Switchfoot frontman denounces white nationalism, mass shootings: Only love can end violence 

Jon Foreman
To ensure a smooth operation, Foreman invited musicians from all over the country to join his adventure. |

In the wake of two mass shootings this month, the frontman for the Grammy Award-winning rock band Switchfoot spoke out against the violent acts and racist motives.

“I denounce white nationalism," said Jon Foreman in an article for Relevant magazine. "I denounce the actions of the gunmen who have lived out their belief that violence was the best way forward."

Thirty-one people were killed in the two unrelated shootings this month — one in El Paso, Texas, and another in Dayton, Ohio. The suspect in the Dayton shooting, Connor Betts, was shot by police and killed while the El Paso gunman, Patrick Crusius, 21, was arrested and charged with capital murder. Crusius, whose online manifesto expressed disdain for Hispanic immigrants, may also face hate crime charges.

Still "grieving" from the violence, Foreman said he stands in solidarity with those who lost loved ones, and those who are oppressed and scared. 

The songwriter then argued that “rage” was the culprit behind the evil that took the lives of the innocent. 

“We cannot allow ourselves to become desensitized to these atrocities. These violent actions are not isolated incidents. These murders are symptoms of a deeper evil, symptoms of a deep hopelessness,” Foreman maintained. 

The “Meant to Live” singer said the enemy’s goal is to pit people against each other — “We VS they, Black VS white” — to create a binary existence which would make unity impossible.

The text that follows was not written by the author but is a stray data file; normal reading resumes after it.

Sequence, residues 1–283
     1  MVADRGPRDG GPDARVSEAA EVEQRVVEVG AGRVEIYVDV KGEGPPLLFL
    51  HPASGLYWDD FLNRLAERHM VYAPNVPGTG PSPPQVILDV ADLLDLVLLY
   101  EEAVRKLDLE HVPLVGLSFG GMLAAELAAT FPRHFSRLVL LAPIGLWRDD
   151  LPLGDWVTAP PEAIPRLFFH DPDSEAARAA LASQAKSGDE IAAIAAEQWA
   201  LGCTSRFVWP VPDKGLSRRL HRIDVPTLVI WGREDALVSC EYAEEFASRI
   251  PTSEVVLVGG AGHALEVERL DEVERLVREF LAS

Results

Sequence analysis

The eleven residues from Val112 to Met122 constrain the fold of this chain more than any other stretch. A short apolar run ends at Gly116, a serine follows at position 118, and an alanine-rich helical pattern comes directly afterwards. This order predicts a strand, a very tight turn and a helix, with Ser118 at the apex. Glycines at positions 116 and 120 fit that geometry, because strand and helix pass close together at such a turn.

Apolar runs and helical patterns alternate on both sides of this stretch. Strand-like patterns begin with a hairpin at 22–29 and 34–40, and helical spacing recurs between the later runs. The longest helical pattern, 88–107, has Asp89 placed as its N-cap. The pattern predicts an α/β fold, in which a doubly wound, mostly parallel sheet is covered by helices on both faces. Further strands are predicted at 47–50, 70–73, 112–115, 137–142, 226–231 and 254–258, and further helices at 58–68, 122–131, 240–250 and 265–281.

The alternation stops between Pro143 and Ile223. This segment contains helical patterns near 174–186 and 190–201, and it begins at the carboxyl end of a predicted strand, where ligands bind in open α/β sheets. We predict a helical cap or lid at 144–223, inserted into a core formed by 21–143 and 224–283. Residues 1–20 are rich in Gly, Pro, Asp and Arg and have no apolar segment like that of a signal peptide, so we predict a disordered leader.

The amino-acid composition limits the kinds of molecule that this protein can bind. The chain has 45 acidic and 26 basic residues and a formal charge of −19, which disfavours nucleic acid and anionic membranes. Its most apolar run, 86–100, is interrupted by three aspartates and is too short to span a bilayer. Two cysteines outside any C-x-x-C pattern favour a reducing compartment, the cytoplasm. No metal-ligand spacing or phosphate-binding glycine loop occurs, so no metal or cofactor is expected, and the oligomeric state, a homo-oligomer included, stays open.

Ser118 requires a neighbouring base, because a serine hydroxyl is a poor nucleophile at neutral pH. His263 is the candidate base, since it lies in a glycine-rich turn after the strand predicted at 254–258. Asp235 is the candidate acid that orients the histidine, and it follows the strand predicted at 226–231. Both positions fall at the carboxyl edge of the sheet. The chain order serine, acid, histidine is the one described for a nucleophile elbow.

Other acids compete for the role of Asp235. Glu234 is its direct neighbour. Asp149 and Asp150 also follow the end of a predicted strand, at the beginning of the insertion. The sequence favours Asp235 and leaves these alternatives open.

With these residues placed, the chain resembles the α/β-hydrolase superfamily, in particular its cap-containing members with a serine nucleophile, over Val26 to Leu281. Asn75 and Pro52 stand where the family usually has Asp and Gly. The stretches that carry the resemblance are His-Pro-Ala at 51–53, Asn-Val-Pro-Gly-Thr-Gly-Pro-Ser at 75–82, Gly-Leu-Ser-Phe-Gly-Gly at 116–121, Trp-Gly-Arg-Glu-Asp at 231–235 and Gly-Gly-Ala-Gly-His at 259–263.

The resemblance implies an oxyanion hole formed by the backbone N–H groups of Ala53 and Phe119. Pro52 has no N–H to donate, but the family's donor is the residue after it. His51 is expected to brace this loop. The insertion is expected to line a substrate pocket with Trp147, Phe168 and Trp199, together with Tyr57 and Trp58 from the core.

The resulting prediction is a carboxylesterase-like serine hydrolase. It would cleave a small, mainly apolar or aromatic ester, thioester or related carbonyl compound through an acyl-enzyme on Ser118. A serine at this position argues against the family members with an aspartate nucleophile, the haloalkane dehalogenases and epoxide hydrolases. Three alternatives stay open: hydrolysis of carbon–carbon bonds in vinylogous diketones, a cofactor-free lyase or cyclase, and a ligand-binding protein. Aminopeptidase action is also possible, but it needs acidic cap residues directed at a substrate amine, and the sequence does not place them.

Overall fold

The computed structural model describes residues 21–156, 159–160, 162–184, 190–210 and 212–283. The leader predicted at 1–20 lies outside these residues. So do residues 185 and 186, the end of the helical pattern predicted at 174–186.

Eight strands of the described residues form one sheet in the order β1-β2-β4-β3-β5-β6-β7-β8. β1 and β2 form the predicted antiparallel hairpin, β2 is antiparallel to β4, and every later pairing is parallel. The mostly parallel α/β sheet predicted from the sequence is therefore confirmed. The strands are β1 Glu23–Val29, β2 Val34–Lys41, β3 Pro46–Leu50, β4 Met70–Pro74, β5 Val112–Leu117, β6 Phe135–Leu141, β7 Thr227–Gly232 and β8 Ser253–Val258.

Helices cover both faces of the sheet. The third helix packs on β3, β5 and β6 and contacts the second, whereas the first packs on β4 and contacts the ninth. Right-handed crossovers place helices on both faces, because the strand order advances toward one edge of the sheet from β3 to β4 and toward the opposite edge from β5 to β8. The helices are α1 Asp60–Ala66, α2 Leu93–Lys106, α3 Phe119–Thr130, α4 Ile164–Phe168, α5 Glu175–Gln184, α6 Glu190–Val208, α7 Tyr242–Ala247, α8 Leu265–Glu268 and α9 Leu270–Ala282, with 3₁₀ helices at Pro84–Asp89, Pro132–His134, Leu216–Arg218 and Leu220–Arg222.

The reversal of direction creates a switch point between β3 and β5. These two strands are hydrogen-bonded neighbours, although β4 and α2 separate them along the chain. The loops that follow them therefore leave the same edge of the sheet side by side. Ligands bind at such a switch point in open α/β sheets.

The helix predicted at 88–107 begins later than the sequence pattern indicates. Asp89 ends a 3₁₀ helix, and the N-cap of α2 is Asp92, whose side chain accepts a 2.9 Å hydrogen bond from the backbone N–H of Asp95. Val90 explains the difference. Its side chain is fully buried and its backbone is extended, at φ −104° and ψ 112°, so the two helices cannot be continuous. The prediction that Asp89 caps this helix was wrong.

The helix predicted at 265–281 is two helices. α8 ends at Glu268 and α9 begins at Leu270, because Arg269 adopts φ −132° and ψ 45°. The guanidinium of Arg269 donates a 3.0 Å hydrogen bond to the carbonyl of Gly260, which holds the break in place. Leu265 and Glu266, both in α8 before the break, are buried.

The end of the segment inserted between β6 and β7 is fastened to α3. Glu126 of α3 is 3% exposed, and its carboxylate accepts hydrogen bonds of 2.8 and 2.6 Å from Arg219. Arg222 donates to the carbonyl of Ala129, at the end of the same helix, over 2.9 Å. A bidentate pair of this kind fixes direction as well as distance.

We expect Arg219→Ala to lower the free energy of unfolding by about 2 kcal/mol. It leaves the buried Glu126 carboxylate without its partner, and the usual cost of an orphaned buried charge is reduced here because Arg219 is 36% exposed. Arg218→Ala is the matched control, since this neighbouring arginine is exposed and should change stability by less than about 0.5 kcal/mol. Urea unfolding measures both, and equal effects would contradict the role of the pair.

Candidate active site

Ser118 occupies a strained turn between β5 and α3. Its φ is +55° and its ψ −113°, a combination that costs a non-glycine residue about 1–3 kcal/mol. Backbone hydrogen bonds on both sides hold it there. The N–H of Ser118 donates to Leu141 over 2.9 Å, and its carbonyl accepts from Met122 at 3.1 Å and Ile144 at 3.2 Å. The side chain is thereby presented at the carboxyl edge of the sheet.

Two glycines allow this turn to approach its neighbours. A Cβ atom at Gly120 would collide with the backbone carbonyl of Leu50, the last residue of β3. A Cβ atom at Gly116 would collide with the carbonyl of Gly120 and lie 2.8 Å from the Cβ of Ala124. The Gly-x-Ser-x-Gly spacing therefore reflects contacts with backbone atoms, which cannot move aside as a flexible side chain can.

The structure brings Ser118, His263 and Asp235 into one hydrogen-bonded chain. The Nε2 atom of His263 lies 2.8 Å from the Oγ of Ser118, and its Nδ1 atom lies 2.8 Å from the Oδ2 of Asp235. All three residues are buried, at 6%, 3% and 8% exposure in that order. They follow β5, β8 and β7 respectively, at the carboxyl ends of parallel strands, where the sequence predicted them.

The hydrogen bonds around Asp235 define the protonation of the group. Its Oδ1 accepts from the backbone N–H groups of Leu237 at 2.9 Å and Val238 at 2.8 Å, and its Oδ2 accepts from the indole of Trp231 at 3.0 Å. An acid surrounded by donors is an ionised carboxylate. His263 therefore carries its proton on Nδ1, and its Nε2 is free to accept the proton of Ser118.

“Rather than shine a spotlight on the violence and bullets that silenced so many, let us celebrate the heroes who boldly walk out into no man’s land to keep the conversation going,” Foreman continued. 

He spoke of stories of Christians helping Muslims and blacks forgiving whites after being treated cruelly. 

“Yes, there is another way. A path beyond the hatred. Beyond the fear. Beyond the pain. Even beyond the reach logic,” he said. “This is the way of love. This is the hand reaching out to the ones she disagrees with. Reaching out across this great divide, this is the path that dares to step out into no man’s land.”

The Switchfoot frontman said living in such a way is not the popular thing but it’s what needed to change the course of such a divided nation and even stop the evils that contribute to tearing people apart.

“The gun can silence the conversation, but love alone can end these cycles of violence. The only way forward is together,” he concluded.

In a recent interview with The Christian Post, Foreman talked about people focusing on each other's commonalities rather than their differences. 

“Being in a band with my brother, I know a thing or two about fighting. I'm continually reminded that the reason why we fight is because we care, because we are passionate,” he admitted. “I feel like a parallel could be made with the political scene that we have in our nation. I'm reminded that when someone has a distinctly different view than I do of politics, that heartbeat of what we're hoping to accomplish is hopefully a nation where we can see the Constitution lived out.”

“We have a common drive for goodness, for greatness, and to see the ideals in which our country was founded lived out. I'm reminded that underneath all of that, even as a believer, I see the idea that there's something inherently beautiful about this person that I vehemently disagree with. There's a compassion and grace that starts the conversation.” 

Instead of starting with “anger or starting with fear,” Foreman told CP that people need to find their identity with love.

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